Source: Flickr user oswaldo. 

For those who want to see marijuana legalized for recreational adult use, medical purposes, or perhaps both, the past couple of years have truly been groundbreaking.

Marijuana gains steam
Marijuana's path to legalization began in 1996, when physicians in California were permitted to prescribe medical marijuana to patients facing long-term diseases like glaucoma, or a terminal illness such as cancer (note: most states have specific cancer types that qualify, meaning not all cancer types automatically qualify for medical marijuana). As of today, 23 states have legalized the use of medical marijuana, along with Washington, D.C. Florida narrowly missed out on becoming the 24th state in last year's midterm elections; the proposal received 58% of the vote, but given that it would have required an amendment to the state's constitution, it needed a 60% "Yes" vote to pass.

But it's not just medical marijuana that's gaining steam; it's the perception of marijuana as a whole. Gallup's 2013 poll showed that 58% of respondents favored legalizing the drug, marking the first time in history that more people were in favor of legalization than against it. The General Social Survey's nearly 1,700-person survey yielded similar results, with 52% in favor of legalizing marijuana compared to 42% opposing it; that majority support was also a first for the GSS poll.

Yet despite this momentum, all forms of marijuana, whether recreational or medical, are illegal in the eyes of the federal government. Fortunately for states in which the substance is legal, the federal government has taken a hands-off approach thus far, but federal law nonetheless remains an impediment to the marijuana movement.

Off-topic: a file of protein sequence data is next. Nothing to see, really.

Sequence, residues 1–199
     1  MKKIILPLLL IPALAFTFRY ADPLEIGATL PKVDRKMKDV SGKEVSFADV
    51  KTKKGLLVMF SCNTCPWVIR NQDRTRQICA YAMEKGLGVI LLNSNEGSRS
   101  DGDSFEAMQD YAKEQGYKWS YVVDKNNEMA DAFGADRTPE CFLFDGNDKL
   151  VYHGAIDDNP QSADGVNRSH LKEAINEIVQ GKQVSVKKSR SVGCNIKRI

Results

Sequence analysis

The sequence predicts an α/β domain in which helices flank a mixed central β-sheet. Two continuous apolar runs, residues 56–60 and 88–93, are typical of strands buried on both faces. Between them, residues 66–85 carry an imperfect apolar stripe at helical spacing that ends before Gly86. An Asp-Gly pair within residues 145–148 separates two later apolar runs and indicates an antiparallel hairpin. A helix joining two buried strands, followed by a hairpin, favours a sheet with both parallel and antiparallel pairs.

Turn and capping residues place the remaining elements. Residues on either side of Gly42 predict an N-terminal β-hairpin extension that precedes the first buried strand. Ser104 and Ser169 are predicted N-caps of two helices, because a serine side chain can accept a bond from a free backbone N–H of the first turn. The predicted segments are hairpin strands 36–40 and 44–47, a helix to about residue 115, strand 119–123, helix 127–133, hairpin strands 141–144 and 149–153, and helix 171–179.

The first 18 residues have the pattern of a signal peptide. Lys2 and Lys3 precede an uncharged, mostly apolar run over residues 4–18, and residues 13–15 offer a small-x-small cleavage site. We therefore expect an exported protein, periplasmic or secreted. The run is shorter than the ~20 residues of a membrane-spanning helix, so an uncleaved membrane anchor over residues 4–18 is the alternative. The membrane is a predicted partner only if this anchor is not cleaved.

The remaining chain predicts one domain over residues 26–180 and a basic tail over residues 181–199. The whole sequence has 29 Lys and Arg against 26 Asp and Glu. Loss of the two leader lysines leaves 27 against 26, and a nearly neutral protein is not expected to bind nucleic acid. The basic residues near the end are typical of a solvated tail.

Five major obstacles facing medical marijuana
Medical marijuana, which likely has a far better chance of national legalization than a sweeping marijuana bill that would include recreational adult-use marijuana, is currently staring down five major obstacles.

Source: U.S. Food and Drug Administration.

1. Unknown long-term effects of use
The 800-pound gorilla in the room is that the long-term effects of marijuana use are still admittedly unknown.

Granted, more than nine out of 10 marijuana studies in the past had examined its risks without considering whether it had beneficial medical properties, so to see studies warning of marijuana's dangers to adolescent brains or the psychology of users over the long term isn't surprising.

What marijuana advocates need are multiple definitive long-term studies that demonstrate marijuana's many benefits and minimal risks. A number of recently published studies suggest that marijuana could have beneficial properties in treating Alzheimer's, type 2 diabetes, and perhaps even aggressive gliomas (a type of brain cancer). Perhaps the most important recent study, though, is one published in Scientific Reports that notes cannabis was 114 times less deadly than alcohol based on the ratio of toxic dose to human intake.

Clearly more studies are needed, but the lack research on marijuana's long-term effects is the primary hurdle for medical marijuana.

2. DEA scheduling
Another major roadblock for medical marijuana is the fact that the federal government still views marijuana as a schedule 1 drug.

Source: Drug Enforcement Agency.

By definition, a schedule 1 drug has no medical benefits and is considered illicit, or illegal. In order for marijuana to be medically legalized on a federal level, the federal government would need to amend the Controlled Substances Act and change marijuana to a schedule 2 drug. Schedule 2 drugs are noted to have medically beneficial properties, though they're tightly regulated because of their high potential for abuse.

Just two weeks ago three U.S. Senators -- Rand Paul (R-Ky.), Cory Booker (D-N.J.), and Kirsten Gillibrand (D-N.Y.) -- introduced a bill that would end the federal ban on medical marijuana. Known as the CARERS Act, this bill marks a landmark step forward by any branch of Congress to attempt to reschedule marijuana. Whether the proposal sees the light of day in Congress remains to be seen, but it's a clear indication of the current momentum behind marijuana.